The tale of diffident but competent William Hardt and his experience bringing compensation to an Island nation for the horrors they have suffered during life as a US Army base/battleground. Hardts’s quest to find those islanders injured by land mines and the victim of an unspeakable rape, leads him into contact with the customs and cultures of a world hitherto foreign to him.
Harding does, I think, a good job of creating a complete and well established island nation here. Although they are a fictional people, he has clearly researched thoroughly and has an informed viewpoint from which he has built his setting and his characters. Their belief system and customs are thoroughly fleshed out and accessible. They are treated with respect and it is apparent that Harding honours and understands the customs of other island peoples.
I enjoyed reading this novel whilst holidaying and had no trouble immersing myself in it. I have read of some commentators indifference to Harding’s scatological bent, and perhaps it’s because this is the first of his novels I’ve read, it didn’t bother me. The obsession with toileting doesn’t really seem too out of place when you consider the protagonist is a man who suffers OCD and living in a developing society. Having had some close run ins with public toilets myself, I mostly sympathised.
The more pertinent considerations involve the novels central theme – the relationship between an Indigenous people and the colonising (or invading) other. Harding does a good job of emphasising that attitudes of cultural superiority which ignore the true needs of one group (the islanders) despite the good intentions of the others (in this case American) are tragically destructive and he mourns the loss of Indigenous culture appropriately.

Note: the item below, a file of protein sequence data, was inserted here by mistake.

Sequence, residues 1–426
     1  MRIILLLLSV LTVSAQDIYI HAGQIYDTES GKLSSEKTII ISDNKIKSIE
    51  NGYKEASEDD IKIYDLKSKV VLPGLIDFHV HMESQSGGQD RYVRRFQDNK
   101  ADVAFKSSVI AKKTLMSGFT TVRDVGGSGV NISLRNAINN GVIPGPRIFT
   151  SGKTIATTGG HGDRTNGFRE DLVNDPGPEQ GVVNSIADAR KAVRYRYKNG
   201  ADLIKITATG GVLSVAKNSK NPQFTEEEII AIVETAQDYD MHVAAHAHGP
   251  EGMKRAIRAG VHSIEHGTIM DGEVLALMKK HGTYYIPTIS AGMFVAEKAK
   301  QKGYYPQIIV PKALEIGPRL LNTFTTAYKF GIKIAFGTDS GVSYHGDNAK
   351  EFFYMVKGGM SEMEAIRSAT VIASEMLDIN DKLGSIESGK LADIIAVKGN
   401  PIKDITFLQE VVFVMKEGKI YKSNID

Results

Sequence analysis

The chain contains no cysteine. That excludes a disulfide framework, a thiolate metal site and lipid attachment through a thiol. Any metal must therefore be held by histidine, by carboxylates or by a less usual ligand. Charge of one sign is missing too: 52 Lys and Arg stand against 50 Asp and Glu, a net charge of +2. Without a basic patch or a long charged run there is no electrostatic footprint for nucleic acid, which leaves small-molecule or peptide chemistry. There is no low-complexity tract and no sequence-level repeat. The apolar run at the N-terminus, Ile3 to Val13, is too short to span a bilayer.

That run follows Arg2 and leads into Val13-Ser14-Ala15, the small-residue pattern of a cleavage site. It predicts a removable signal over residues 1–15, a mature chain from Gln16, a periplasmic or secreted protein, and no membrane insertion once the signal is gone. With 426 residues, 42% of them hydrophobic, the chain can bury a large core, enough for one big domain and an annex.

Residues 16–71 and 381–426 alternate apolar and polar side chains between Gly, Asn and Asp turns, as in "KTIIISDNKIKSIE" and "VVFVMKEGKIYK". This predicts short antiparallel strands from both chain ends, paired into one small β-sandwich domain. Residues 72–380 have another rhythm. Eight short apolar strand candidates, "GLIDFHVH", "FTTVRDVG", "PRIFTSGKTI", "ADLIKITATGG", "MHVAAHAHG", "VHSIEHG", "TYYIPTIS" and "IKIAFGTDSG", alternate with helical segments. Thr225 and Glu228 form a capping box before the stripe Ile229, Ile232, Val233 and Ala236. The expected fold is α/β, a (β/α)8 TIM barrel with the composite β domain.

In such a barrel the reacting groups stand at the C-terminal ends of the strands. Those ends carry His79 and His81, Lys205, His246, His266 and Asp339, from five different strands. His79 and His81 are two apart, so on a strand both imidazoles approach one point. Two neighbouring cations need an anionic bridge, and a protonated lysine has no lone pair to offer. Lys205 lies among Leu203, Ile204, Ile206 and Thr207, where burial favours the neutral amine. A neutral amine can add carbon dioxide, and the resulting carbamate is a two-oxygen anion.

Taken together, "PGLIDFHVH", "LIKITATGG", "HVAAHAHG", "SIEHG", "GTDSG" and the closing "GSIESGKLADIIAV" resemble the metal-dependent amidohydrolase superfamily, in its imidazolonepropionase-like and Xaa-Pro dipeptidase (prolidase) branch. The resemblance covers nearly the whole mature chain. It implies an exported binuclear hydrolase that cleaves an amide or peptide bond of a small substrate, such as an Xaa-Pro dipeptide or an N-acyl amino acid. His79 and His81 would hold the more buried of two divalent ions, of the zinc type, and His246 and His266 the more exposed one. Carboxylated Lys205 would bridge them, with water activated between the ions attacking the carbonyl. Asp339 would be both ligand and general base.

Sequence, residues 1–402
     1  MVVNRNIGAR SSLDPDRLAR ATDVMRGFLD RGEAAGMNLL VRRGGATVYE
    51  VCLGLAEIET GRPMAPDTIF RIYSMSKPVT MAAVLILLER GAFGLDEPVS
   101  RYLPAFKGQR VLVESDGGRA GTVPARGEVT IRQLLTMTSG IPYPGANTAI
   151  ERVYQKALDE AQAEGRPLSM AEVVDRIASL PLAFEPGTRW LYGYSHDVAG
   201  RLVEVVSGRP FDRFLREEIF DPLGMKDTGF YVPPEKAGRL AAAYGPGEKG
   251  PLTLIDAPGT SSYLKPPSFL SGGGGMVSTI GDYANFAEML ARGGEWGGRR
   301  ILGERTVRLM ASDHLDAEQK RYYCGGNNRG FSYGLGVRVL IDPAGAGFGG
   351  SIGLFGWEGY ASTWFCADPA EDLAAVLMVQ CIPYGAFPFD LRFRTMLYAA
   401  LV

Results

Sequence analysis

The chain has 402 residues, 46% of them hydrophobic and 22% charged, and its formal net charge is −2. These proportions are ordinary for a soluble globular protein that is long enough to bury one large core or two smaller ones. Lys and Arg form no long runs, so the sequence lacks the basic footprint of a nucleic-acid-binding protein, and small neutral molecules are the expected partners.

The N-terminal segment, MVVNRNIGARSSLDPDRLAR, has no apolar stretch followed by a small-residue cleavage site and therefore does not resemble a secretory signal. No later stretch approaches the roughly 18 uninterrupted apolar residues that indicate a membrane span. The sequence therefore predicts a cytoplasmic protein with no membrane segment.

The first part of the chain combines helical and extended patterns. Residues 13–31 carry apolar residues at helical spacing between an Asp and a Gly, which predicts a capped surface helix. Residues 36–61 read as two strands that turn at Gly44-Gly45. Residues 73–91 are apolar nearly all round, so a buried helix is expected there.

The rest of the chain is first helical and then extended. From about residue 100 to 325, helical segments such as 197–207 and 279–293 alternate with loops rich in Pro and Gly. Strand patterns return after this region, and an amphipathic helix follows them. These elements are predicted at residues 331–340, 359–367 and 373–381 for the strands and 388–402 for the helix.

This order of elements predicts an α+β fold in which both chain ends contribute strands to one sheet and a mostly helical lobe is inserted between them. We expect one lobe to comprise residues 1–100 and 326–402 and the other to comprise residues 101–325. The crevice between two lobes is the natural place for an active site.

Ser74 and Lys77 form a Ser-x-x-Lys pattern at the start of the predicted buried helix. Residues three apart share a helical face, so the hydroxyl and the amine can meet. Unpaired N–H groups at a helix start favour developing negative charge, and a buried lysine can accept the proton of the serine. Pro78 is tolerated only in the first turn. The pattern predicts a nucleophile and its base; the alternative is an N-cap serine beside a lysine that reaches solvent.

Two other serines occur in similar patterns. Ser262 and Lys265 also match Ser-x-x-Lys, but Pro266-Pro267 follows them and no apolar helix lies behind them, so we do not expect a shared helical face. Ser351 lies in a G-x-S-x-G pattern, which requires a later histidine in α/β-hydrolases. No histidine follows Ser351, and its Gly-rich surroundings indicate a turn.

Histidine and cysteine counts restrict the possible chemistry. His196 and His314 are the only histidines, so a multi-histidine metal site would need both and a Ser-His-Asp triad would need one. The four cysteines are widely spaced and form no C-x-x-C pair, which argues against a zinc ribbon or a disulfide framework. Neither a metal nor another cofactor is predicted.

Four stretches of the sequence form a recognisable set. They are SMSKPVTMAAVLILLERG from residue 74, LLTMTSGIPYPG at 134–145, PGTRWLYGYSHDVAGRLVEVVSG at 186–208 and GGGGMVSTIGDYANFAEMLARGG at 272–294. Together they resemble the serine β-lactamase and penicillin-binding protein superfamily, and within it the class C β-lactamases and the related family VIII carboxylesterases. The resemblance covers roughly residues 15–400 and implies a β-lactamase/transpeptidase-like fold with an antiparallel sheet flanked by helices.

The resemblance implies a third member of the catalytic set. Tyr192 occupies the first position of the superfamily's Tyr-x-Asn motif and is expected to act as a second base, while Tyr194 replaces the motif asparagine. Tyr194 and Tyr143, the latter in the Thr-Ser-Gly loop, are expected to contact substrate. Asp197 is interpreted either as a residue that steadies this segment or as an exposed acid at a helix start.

The downturn of the islanders society is measured in contrast to the destruction wrought on the US in the September 11 tragedy: William discovers the ‘help’ he so fervently assisted on providing has been the catalyst for both a crisis of cultural identity and public health as his own nation is reeling from the attack on the twin towers. The point is apt, and paralleling the two a nifty device, but overall the point is somewhat laboured. I’m always sceptical of any moral lesson that the author feels they haven’t written strongly enough about and so has their protagonist speak or think the epiphany, as happens here.
The idea of remorse and regret is interesting, and we are left in no doubt about the place of both by the end of the story, but I would have liked for there to be more accountability for individual actions. It doesn’t really sit well with me that our protagonist gets pretty much what he wants the whole time, realises what an awful thing he’s contributed to (despite his good intentions) and then still gets pretty much everything he wants. But then, in the face of Western colonisation of various lands the world over, I suppose this is pretty much how it works, and that is something we should all be thinking about and striving to rectify. Harding is effective in exploring the issues, but seems somewhat mute on future action, but it is, after all, one big damn puzzler and a story such as this, which is effective in promoting discussion, awareness and above all, empathy, is essential in taking steps towards the ultimate goal.